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Edtech: Why are higher institutions of learning not spearheading the drive?

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EDTECH in Nigeria
EDTECH in Nigeria

The conversation about Education Technology (Edtech) has already been over flogged in the Nigerian media space recently, but it is a conversation that must be had repeatedly if we want to better our educational system in the 21st century.

To reiterate, edtech is simply the delivery of education employing technology. It is the adoption of technology devices, broadband and other tools to teach people what they will otherwise learn in a traditional classroom setting or in informal settings like driving schools and others.

ASUU

ASUU President, Biodun Ogunyemi – Image Credit: Google

Owing to the effects of the COVID-19 pandemic, the argument for edtech as an alternative means of education for students has sprung up with many schools of thought proposing how it should work and others pointing to the challenges that face the adoption of edtech in the Sub-Saharan African region.

It is true, there are many challenges with edtech when it comes to Africa and indeed Nigeria, but we have already given too much power to the challenges. What we must do now, is focus on the solutions and share the positives so that innovators can be encouraged to do better in bringing quality education to people of all ages using technology.

Having said that, there’s another issue that is more worrying than the other challenges that edtech has encountered so far in Sub saharan Africa; the inability of higher institutions to drive the adoption of edtech across sectors.

As Peter Haddawy and Barbara Igel so eloquently put it in this paper, “One of the most important roles of institutions of higher education is to serve as well springs of innovation and creativity.”

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So the question is, why have Nigerian universities for example not embraced edtech? And why are they not at the forefront of driving the adoption of the technology?

In an age where universities and polytechnics across the globe have embraced more and more technology to improve their educational processes, Nigerian universities seem to have retrogressed when it comes to even the simplest things like sending a project over the internet.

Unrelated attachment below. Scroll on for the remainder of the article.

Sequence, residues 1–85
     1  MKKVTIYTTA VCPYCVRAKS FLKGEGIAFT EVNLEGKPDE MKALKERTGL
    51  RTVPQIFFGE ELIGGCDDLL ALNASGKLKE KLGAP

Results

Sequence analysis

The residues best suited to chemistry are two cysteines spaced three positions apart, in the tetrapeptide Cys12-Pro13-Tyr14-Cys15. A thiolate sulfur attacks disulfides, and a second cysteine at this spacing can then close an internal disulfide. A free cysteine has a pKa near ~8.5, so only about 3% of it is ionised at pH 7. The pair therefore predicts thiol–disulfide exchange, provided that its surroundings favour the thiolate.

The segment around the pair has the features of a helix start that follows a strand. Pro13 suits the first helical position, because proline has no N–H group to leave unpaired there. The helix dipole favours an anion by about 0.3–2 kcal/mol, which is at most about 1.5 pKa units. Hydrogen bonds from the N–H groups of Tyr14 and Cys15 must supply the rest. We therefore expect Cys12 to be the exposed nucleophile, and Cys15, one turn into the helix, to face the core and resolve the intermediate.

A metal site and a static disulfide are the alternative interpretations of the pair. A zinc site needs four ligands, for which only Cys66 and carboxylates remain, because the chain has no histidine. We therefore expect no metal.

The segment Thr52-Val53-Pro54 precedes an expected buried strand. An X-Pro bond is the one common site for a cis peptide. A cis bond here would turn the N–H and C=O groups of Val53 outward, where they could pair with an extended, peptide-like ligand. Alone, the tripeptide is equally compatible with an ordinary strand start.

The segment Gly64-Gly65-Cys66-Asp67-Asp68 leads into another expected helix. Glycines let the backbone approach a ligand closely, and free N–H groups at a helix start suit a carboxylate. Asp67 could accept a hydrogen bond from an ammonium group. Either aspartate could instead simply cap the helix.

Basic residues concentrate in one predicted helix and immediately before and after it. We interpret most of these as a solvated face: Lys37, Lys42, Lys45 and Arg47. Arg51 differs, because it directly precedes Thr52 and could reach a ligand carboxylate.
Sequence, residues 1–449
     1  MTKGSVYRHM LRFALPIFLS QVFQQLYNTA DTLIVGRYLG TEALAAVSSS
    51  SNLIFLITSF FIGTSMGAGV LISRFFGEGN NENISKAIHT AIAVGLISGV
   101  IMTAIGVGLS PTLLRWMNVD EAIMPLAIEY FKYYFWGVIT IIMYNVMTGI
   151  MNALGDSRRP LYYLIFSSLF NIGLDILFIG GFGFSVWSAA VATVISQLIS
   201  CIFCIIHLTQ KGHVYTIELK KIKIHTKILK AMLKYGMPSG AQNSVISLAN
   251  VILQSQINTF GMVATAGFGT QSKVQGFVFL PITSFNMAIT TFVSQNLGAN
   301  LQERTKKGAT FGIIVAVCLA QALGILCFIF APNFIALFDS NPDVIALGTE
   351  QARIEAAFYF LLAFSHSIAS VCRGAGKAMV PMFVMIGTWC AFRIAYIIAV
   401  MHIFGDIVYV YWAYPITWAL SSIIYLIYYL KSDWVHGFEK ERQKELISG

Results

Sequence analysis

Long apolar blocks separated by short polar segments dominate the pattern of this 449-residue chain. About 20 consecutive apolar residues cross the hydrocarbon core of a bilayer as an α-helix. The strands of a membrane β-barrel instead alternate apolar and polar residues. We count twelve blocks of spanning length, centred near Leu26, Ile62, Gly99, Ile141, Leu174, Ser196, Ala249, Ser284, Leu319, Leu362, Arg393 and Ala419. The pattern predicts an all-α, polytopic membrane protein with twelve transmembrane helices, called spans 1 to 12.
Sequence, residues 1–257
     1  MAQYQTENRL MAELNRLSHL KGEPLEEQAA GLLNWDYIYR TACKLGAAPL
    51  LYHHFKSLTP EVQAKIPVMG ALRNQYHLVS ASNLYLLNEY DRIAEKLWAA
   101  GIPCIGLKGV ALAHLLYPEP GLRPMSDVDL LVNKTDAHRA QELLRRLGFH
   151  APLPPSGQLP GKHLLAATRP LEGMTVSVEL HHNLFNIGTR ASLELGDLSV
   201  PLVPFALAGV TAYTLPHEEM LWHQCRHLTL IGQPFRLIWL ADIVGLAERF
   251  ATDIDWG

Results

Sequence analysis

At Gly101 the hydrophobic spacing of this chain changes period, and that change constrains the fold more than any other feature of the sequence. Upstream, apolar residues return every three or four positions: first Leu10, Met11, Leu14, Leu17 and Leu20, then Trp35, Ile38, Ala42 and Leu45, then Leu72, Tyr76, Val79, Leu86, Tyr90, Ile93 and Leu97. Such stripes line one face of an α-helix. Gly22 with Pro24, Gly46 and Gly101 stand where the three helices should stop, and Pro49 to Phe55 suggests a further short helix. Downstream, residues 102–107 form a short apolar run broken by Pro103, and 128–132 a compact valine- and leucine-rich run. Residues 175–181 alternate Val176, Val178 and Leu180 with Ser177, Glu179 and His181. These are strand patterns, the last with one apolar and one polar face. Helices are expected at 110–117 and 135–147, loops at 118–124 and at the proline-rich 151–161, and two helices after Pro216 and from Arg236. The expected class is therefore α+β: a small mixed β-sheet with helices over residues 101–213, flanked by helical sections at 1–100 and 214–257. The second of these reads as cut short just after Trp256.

During a confidential conversation that I had with a former Master of Arts student in the University of Benin, she told me that a lecturer of hers told her to travel down to Abraka in Delta State to submit a project. The more surprising aspect is that the lecturer in question asked her to travel all the way from Lagos to Delta State simply because she did not know how to download files over the internet!

As surprising as that might be, it is not an isolated incident nor is it a problem peculiar to the University of Benin, which happens to be my alma mater. Anywhere you ask, you will hear stories of polytechnic and university lecturers who can not even maneuver a projector, never mind holding a class over the internet.

This is an integral issue that the Nigerian University Commission (NUC) and the Ministry of Education must address if we want to truly see actionable growth in the edtech sector and in fact, the educational sector.

If the country’s biggest citadels of learning have lecturers and teachers that cannot find their way around technology, how then do we expect to have strongly skilled graduates in society that can move the needle in terms of innovation?

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For edtech to progress and for it to be seen as a necessity in today’s educational realities, then the higher institutions need to be at the forefront of driving it.

Adopting edtech will not be enough by the higher institutions of learning as they must, as a matter of urgency, train prospective graduates to handle edtech tools and solutions. Although most edtech tools and solutions are quite simple to maneuver, you can’t undermine the effect of consciously training people going into the labour market on how to use and embrace edtech.

This is especially true for colleges of education and other teacher training institutes as they are the ones that will be directly impacting the number of teachers who can handle edtech in the future.

The truth is, we need edtech in Nigeria whether we know it yet or not. In a society as volatile as we have in Africa, you can’t have enough educational avenues. Also, with the low quality of education obtainable in many schools today, edtech will present an opportunity for students to augment what they have learnt in classrooms. Edtech is a strong innovation and higher institutions should be at the forefront.

Saviour Adugba is a journalist by day and a poet by night. He is fascinated by the internet of things, virtual reality and connecting the dots for brands. Saviour is the Lead, Content Development at TechEconomy.ng.

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